puzzle is margins, an age-old concept used in numer-
ous industries. The use of margins in the mortgage
industry, however, can get incredibly complex. Before
we dive into the topic, it is important to understand
some basic terms.
■ ■ Price: This is the percent of the loan amount that
investors are willing to purchase. A price of 100
means the investor will pay 100 percent of the loan
amount. If the mortgage company wants to make a
profit on the loan, they must charge a higher price
to the consumer than what the secondary market
is willing to pay for that loan, or charge borrowers
points to make up the difference. Most borrowers
do not want to pay points, so mortgage companies
typically raise the interest rate offered. (Note: this is
how companies mark up the pricing, not how mortgage originators should mark up the pricing.)
■ ■ Raw price: This is the price that investors are willing to pay for a loan. Typically, they offer a price (as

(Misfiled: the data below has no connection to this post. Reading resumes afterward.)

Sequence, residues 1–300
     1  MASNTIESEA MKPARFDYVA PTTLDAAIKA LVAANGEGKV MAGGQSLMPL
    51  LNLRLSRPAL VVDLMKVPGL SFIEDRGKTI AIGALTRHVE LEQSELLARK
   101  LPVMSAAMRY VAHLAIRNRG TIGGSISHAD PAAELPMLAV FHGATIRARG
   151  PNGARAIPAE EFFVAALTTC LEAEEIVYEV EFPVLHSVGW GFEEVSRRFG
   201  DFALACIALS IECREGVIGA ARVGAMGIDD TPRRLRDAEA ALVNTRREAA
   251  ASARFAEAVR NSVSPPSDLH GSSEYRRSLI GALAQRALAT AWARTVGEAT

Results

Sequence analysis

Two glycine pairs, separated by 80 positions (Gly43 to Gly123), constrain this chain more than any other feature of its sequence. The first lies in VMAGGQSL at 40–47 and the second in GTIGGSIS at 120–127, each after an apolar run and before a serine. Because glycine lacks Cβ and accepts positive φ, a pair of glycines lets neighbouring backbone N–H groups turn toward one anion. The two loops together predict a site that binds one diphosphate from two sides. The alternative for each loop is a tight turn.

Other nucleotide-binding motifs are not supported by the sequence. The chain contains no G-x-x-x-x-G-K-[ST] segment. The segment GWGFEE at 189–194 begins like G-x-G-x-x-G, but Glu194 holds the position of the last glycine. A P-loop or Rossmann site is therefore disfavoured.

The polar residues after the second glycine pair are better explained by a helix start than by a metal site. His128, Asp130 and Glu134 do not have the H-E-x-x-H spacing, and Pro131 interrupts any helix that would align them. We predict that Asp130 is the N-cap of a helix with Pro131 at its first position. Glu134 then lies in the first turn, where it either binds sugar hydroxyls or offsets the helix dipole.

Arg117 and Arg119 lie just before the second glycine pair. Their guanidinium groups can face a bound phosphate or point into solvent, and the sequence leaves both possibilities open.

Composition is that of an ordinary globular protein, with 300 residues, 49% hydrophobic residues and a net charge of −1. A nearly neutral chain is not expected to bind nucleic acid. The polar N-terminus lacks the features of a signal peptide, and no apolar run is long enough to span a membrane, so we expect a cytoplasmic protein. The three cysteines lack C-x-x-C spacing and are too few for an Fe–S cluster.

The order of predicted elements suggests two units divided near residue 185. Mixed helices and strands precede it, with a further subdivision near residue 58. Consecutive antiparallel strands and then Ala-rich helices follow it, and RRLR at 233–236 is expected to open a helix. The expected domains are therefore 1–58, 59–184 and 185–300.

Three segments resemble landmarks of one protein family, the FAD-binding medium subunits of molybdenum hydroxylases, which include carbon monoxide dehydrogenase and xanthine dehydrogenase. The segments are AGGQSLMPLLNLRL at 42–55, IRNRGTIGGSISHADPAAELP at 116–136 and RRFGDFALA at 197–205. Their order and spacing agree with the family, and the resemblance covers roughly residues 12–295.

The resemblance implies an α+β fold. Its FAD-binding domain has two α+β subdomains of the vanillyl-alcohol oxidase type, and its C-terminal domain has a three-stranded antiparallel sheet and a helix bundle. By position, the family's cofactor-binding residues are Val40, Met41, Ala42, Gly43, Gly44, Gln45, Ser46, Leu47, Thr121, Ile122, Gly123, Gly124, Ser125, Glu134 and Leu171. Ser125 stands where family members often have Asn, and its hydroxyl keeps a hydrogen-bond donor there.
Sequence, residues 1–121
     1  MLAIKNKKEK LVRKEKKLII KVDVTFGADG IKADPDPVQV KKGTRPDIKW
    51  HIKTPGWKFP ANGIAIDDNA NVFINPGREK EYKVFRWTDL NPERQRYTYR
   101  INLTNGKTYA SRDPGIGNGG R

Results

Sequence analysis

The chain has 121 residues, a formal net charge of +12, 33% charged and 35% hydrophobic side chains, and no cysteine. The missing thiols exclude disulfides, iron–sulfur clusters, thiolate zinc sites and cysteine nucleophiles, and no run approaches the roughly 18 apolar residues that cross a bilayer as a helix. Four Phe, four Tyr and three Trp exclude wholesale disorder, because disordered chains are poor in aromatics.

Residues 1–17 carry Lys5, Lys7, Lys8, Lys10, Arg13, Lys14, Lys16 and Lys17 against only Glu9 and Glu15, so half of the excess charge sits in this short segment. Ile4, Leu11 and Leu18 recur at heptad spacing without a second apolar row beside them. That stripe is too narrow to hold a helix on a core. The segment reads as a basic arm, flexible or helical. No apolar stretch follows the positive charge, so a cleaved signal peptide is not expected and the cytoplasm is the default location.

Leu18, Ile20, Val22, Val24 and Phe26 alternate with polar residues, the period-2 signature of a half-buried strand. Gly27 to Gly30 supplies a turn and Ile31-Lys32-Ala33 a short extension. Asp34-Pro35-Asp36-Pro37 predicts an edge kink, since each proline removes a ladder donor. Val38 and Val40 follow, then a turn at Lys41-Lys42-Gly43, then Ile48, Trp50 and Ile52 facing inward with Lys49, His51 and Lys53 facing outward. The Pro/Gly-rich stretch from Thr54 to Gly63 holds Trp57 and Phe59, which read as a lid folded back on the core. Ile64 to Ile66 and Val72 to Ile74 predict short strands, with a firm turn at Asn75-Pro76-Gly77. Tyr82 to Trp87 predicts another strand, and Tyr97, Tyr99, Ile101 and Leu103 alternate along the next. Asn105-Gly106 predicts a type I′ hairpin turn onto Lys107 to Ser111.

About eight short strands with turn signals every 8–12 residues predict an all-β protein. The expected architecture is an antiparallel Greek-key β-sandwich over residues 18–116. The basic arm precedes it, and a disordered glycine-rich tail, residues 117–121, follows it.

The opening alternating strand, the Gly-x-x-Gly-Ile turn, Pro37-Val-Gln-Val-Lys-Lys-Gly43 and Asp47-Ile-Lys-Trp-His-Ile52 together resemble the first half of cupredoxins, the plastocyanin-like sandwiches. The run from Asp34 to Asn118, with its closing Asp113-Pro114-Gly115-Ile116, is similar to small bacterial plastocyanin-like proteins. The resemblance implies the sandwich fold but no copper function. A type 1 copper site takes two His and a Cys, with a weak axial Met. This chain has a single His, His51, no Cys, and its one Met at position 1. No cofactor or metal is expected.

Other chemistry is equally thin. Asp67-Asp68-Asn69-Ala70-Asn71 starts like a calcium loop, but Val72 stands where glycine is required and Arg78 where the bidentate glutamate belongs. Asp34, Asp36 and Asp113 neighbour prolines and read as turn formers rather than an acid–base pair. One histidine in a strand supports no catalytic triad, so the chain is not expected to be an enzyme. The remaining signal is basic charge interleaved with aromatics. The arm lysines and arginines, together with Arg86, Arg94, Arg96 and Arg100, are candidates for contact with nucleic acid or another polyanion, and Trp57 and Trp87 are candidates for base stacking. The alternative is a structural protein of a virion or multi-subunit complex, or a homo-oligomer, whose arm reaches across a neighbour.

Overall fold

above) along with an associated interest rate. This
is called the raw price instead of price because it
denotes the starting point before any mark-ups or
mark-downs are made to a company’s distribution
■ ■Basis points (bps): This is a common unit
of measure for interest rates. It is equal to one
one-hundredth of one percentage point.
■ ■ Par pricing: Pricing is measured on a scale with
par equaling 100. At par a lender pays no money
and makes no money. When originators offer borrowers par price for their loans, the borrowers pay
no points — with one point equaling 1 percent
of the loan amount — and get no lender credit. If
mortgage companies have raw par pricing from
investors, they must mark up the pricing by increasing the interest rate to make a profit before they
offer par pricing to borrowers.
■ ■ Above par pricing: This is anything above 100. A
price of 101 would be 1 percent of the loan amount
above par. If a lender is offered above-par pricing, then the investor is willing to pay the lender a